• Trezor Wallets - Trezor make a variety of premium wallets that include touch screen features. Many wallets have 24-word backup passphrase, a simple two-button interface, and a simple screen that allows you to see your bitcoin information.
  • Ledger Wallets - Ledger makes two major wallets: the Nano S and the Nano X. The Nano X has more features which include Bluetooth functionality. This is an attempt to combine the convenience of mobile access with the security of wallets. The S is the cheaper of the two options. The Ledger also boasts a custom operating system.
  • KeepKey - KeepKey supports the world's leading cryptocurrencies, with over 40 among its selection. The company behind KeepKey has developed its own interface for viewing bitcoin information. It also supports a large display, which limits your need to connect this to a computer.

Other Type of Wallets

The four wallets mentioned above are the most common wallets used. However, other wallets have their advantages. These are outside of the normal four categories given the unique features behind these wallets and tend to be less popular.

Paper Wallets

Paper wallets are a type of cold storage that allows you to store your bitcoin data onto a literal piece of paper. These combine your public keys and private keys into two QR codes that can be scanned to acquire those keys during a sale. From a network security standpoint, these are the most secure wallet. You cannot hack a piece of paper. However, if the QR code is damaged, it is difficult to re-acquire those keys. You can generate these codes using websites like BitAddress, but be sure to not save the QR code as an image on your computer.

Physical Bitcoins

Much like hardware and paper wallets, literal "bitcoins" are generally shaped like a coin and meant to provide cold storage for your public and private keys. Generally, these physical coins, or sometimes cards, contain a pre-fixed amount of bitcoin. Most of these coins have a tamper-proof seal to prove that the coin has not been accessed. They are less susceptible to damage than paper wallets but are very limited compared to hardware wallets. These are built more for the collector's value than anything. Also, one of the more popular physical coins that were sold, Casascius, was shut down by the Financial Crimes Enforcement Network for printing currency without registering at the state and federal level.

What About Banks?

Currently, there are no major banks that take and store cryptocurrency. Some banks may find security-related issues to be too complicated; other banks may not view the currency as a viable option—or even as a threat to their traditional business model; and many banks can't be bothered to extend out from their primary focus. In any case, utilizing a debit card to access your bitcoins from a major banking institution will still take some time. While major institutions do not recognize bitcoins, smaller groups have taken the mantle. WBB, or World Bit Bank, has taken the mantle by acquiring various banks around the world to provide banking services in crypto form. These include crypto loans, usage of debit cards, and the exchange feature offered by other banks.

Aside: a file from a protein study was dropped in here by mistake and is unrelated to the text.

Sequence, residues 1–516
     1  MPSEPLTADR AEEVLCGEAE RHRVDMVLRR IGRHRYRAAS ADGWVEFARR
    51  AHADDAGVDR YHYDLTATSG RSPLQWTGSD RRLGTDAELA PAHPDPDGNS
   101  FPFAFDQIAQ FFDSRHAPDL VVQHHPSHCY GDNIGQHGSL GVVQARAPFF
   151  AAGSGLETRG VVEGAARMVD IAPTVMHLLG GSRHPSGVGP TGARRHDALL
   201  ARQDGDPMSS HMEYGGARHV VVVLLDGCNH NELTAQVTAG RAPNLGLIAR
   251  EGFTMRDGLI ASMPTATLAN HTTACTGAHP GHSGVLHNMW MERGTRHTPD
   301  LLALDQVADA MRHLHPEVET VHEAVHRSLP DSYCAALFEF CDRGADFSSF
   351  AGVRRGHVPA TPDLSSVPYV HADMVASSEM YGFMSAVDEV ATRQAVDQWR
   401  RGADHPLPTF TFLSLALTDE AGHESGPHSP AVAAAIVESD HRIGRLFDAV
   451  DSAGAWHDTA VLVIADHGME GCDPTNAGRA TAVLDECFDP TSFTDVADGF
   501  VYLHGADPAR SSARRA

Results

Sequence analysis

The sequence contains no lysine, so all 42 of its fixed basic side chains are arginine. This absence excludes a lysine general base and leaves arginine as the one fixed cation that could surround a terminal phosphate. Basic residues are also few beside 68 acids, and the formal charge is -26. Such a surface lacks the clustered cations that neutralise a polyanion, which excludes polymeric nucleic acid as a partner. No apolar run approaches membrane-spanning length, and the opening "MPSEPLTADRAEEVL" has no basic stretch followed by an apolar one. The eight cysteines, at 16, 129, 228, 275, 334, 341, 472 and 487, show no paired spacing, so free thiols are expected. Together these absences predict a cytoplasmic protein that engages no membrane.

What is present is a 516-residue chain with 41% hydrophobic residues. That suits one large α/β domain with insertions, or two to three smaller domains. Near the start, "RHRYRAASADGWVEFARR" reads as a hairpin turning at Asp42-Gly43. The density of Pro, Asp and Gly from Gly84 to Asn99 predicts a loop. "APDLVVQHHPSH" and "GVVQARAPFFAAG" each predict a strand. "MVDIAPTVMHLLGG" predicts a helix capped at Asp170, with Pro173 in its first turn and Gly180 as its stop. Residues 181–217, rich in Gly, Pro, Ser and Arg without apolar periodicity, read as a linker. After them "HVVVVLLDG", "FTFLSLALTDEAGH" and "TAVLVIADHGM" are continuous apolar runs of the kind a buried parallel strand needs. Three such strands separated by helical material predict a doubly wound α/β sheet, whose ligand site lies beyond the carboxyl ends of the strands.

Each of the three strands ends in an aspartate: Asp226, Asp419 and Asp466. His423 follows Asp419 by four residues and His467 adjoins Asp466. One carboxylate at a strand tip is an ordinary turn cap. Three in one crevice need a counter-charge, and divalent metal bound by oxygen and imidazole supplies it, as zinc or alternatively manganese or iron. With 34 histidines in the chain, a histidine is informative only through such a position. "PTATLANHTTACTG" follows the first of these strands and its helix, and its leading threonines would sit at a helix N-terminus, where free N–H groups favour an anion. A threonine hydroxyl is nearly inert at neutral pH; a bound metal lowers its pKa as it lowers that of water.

Which Option is For Me?

Based on our review, each wallet has a series of advantages and disadvantages. Each person will need to utilize the information provided in this article to decide which one is the best option for them. For the ultimate in convenience and security, using a combination of the big four would be best for your flexibility. Here are some quick tips to keep in mind when making your decision.

  • Cold storage is important - For the most secure experience, you will need to take advantage of cold storage wallets. It is cheaper to choose paper wallets, but you will have to be very careful to not damage it. Consider investing in a hardware wallet, for a combination of safety and security.
  • What crypto do you have? - When buying software, hardware, or downloading an application, be sure you know the currency they support. Currently, there are more than 1000 different types of cryptocurrencies, and that is a heavy underestimation. If you plan on branching out, find something with strong support.
  • What is your Operating System - With mobile devices or computers, you may have a couple of options for OS. Each OS has vulnerabilities to malware and viruses you want to be aware of. In any situation, be sure that your virus definitions are up-to-date. Also, the available software is fairly limited for those who have Linux.
  • Virtual exchanges are risky - Going back to our strong emphasis on security, it is best to limit the use of your keys to when you need to use them. Many online exchanges do not have ample security to handle malware attacks. Keeping your keys on an exchange exposes them to risk. Also, smaller exchanges have been known to close and take the keys of their users.

Final Notes

For people who are breaking into bitcoins, it can be a bit intimidating to get into the field. Much like your day-to-day job, where you keep your money is important. For cryptocurrency enthusiasts, these wallets act as your bank, your exchange, and your literal currency. By being aware of the strengths and weaknesses of these wallets, you will be able to make an informed decision on what best suits you.